Saturday, July 16, 2011

Felted Vests. A Step-by-Step Guide



My sister Phyllis Hoffman has shrunk centimetres since we last met 2yrs ago. That is expected, as we are both in our senior years but her shrinkage has been sizable.
So what has her newly released book “Felted Vests” got to do with her body shrinkage? Strangely enough, a lot.


One day, when we were kids, our older sister Elizabeth who was 10 yrs old took her pocket money and decided to treat us to a bus ride to the Big City to go shopping without telling our parents. The next thing we were shipped off to St Dominics Academy, Newcastle, Natal, a Catholic boarding school for girls, far away from home.
I found friends, and caused havoc with midnight feasts and ghost stories. Elizabeth became a model student and played the violin, while 7 year old Phyllis was taken under the wing and nurtured by Sister Clare, the Dormitory nun. She taught Phyllis to knit and sew and created in her a lifelong creative passion for handiwork.


After 4 yrs we left the Convent, but the die was cast for Phyllis’s creative passion. As a teenager she suffered from severe back pain which ultimately turned out to be Scoliosis. Besides the pain, Phyllis couldn’t find clothes that fitted her unaligned body, so she started making her own clothes and, as commercial patterns didn’t fit, she started adjusting and making her own patterns, while bringing up children, studying, teaching, sewing and writing books.


Over the years, Phyllis relocated with her growing family from Rhodesia ( Zimbabwe) to South Africa and finally to Melbourne, Australia where all her creative skills have culminated in her latest book.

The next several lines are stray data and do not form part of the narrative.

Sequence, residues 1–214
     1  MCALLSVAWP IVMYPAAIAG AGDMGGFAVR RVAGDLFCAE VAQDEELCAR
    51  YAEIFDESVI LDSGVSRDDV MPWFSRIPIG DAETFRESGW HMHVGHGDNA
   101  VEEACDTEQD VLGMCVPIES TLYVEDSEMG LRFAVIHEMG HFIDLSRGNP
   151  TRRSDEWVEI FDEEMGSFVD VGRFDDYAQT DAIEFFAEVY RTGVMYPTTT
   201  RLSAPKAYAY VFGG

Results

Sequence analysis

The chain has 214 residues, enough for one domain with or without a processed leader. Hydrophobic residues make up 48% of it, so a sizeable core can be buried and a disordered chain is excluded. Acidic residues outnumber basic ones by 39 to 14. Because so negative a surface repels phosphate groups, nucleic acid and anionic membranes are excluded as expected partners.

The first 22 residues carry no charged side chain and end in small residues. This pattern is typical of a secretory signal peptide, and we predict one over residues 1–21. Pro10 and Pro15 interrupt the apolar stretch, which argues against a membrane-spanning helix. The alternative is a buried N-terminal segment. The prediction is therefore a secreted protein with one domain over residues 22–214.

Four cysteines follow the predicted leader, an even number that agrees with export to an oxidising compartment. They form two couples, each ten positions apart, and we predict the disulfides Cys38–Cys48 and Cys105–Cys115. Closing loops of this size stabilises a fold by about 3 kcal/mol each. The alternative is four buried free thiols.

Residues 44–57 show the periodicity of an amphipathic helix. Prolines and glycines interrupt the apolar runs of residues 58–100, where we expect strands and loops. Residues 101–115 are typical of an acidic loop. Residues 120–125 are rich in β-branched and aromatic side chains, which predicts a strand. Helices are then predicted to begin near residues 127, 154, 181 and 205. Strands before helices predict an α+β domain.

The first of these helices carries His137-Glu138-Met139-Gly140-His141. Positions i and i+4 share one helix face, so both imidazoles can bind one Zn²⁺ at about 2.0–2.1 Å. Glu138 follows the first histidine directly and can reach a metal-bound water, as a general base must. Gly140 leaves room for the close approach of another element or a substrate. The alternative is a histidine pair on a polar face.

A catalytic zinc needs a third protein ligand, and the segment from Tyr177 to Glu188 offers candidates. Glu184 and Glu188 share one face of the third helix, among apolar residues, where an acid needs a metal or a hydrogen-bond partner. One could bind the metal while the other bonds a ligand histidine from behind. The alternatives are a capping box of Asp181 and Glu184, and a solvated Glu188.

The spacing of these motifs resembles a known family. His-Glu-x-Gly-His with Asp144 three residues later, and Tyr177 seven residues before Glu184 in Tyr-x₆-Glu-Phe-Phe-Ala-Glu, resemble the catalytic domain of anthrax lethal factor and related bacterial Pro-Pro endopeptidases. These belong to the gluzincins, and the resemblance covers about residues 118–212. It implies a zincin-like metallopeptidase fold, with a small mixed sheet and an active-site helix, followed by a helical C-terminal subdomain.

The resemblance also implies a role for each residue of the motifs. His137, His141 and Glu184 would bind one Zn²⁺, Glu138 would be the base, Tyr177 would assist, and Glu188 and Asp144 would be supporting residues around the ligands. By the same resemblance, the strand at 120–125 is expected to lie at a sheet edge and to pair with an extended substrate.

As a Felter, the book captured my attention. The cover is bright, and fresh and the title is exactly what it says “Felted Vests A Step-by-Step Guide.” I have read the book from cover to cover and will tell you why I like it, aside from her being my sister! 1. When she writes and gives descriptions it is as though she is speaking to her reader. 2. She gives the names of equipment required. Important especially for pattern making. 3. The layout is clear and concise and it is easy to navigate the book. 4. She shows graphically how to draft a basic pattern and take measurements. 5. She also shares how to make silk paper and illustrates decorative stitches. Although Phyllis's bones may have shrunk, her latest book will surely expand interest in sharing with her the art of making elegant felted clothes. Elaine

2 comments:

  1. Thanks, Elaine, for sharing this wonderful story. It was a pleasure to read and I love her work as well.

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  2. Thanks Lizet. Love all yur work

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